On the eve of the Republican National Convention, tens of thousands of protesters took to the streets of Manhattan to speak out against the Bush administration and the war in Iraq. Several dozen bicyclists were arrested, but a heavy police presence helped keep the march largely peaceful.
The rally kicked off with a speech by the father of Nick Berg, a 26-year-old American contractor who was beheaded by Iraqi kidnappers in May. "George Bush must go. He has stolen my son away from me. He has stolen an election. He has stolen our democracy. He has our freedom and our security and our peace of mind," he said.
Many protesters called for American troops to leave Iraq.
Some carried coffins draped in American flags, to represent coalition soldiers killed in Iraq. Others carried a variety of anti-Bush posters and signs. Some wore their messages on their clothes, like Zaum Dertaulian, an Armenian-American.
"My shirt says 'Bush Lie Number Nine: I will acknowledge the 1915 Armenian genocide by the Turks.' I especially made this because I feel that America is a land of immigrants, its been stolen from the Native Americans and since a lot of people here are from other places, we do need to have a balance of information about every single indigenous freedom struggle in the world," he said.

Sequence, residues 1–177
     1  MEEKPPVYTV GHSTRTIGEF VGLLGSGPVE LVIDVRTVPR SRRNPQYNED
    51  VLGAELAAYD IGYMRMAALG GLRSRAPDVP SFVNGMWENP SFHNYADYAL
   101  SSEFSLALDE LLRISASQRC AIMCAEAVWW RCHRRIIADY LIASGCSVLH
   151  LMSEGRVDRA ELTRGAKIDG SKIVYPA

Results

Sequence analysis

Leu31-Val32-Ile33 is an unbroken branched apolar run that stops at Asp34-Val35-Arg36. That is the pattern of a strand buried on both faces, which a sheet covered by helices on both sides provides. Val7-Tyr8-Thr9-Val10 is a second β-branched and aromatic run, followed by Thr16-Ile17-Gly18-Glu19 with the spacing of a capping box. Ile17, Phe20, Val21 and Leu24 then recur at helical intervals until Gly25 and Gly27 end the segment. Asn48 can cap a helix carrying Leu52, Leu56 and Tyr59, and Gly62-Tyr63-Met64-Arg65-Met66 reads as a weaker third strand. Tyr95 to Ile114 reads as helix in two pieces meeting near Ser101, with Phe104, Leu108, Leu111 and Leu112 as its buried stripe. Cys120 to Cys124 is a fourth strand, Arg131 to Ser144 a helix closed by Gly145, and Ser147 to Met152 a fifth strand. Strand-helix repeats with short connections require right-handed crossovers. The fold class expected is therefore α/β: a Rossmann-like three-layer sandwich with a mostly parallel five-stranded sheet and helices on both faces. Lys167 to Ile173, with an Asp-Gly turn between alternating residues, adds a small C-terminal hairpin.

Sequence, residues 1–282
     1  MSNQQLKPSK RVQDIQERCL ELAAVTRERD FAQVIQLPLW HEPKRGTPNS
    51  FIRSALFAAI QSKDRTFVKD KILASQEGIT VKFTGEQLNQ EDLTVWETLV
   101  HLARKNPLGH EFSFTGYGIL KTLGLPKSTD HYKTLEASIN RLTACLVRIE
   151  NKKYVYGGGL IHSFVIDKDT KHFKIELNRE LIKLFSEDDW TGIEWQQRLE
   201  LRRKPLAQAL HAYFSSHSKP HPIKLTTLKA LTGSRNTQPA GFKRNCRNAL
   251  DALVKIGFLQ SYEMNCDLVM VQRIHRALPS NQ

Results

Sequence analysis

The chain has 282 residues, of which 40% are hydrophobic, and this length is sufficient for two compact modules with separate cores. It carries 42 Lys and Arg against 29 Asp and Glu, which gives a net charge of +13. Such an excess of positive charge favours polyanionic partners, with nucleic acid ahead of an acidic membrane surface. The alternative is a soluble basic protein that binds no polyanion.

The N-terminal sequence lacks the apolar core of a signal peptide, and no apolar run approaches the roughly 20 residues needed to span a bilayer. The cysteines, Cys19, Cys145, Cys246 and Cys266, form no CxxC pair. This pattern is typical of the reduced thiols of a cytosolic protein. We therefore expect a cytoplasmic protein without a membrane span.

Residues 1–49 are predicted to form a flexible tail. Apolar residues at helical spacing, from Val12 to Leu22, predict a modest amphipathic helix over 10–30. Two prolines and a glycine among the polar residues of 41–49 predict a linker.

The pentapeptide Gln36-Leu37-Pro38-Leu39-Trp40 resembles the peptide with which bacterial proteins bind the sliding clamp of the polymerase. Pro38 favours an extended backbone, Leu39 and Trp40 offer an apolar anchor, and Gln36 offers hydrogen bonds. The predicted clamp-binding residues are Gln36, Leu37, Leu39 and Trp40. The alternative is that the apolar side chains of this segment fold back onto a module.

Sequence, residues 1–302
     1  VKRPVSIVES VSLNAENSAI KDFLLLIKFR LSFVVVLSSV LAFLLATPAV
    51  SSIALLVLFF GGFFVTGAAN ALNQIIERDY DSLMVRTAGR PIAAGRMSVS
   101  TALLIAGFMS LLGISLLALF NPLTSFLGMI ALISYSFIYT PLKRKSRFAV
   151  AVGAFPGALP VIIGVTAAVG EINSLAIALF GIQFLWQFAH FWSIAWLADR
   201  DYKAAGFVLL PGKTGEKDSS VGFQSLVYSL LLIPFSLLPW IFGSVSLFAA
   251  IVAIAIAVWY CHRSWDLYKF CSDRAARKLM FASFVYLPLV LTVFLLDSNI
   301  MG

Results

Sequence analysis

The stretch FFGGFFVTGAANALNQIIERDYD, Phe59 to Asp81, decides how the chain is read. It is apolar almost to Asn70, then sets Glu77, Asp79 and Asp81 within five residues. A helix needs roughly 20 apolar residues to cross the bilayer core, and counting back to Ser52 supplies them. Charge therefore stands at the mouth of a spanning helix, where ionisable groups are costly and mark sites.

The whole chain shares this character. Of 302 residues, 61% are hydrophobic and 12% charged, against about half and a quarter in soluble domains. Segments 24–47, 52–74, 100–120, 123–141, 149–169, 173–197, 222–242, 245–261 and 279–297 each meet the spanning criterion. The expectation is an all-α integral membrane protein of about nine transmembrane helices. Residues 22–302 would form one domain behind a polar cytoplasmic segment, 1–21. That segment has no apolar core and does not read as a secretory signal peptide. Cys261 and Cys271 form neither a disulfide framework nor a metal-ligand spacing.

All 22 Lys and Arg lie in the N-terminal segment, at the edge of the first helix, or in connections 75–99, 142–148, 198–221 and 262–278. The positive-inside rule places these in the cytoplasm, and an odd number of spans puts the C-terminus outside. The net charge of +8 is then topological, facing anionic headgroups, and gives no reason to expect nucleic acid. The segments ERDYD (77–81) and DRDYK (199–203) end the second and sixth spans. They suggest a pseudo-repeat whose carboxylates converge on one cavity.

Prior to the demonstration, some New York newspapers had published reports about the potential for anarchist violence during the march, which was put together by United for Peace and Justice, an umbrella group of some 800 organizations.
Protester Jason Kapoor, part of a small group called the No Police State Coalition, said he read about himself in the paper, but that his group had no plans to start trouble. "We are one of the so-called five violent groups that the NYPD intelligence sources said we are planning violent attacks When all we do is come out here in Union Square and promote free speech," he said.
Tens of thousands of police officers filled the streets of New York City and along the route of the march. Protestor Eva Braiman said it was clear that police officers came prepared for the worst. "When I came in this morning from the Bronx, all along 10th Avenue there were hundreds and hundreds of police with, you know, riot batons and all kinds of equipment," she said.
Plenty of demonstrators just came out for a good time, like this group, called the Radical Cheerleaders.
The marchers passed by Madison Square Garden and then headed back toward downtown. Sunday's march was the largest gathering organized against the Republican National Convention, which begins Monday in New York, but more demonstrations are planned throughout the week.